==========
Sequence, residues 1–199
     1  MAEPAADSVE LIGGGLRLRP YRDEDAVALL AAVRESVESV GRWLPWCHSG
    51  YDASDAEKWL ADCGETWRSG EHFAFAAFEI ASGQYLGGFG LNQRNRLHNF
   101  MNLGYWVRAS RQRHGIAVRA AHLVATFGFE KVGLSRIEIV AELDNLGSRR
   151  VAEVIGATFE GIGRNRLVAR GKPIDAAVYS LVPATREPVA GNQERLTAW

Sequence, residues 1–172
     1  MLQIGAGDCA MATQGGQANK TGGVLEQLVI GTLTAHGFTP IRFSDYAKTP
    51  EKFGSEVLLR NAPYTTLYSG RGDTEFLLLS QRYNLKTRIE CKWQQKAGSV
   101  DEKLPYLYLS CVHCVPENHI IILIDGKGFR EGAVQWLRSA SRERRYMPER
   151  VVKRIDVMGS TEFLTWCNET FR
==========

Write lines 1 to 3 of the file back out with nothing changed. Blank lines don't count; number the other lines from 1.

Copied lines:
Sequence, residues 1–199
     1  MAEPAADSVE LIGGGLRLRP YRDEDAVALL AAVRESVESV GRWLPWCHSG
    51  YDASDAEKWL ADCGETWRSG EHFAFAAFEI ASGQYLGGFG LNQRNRLHNF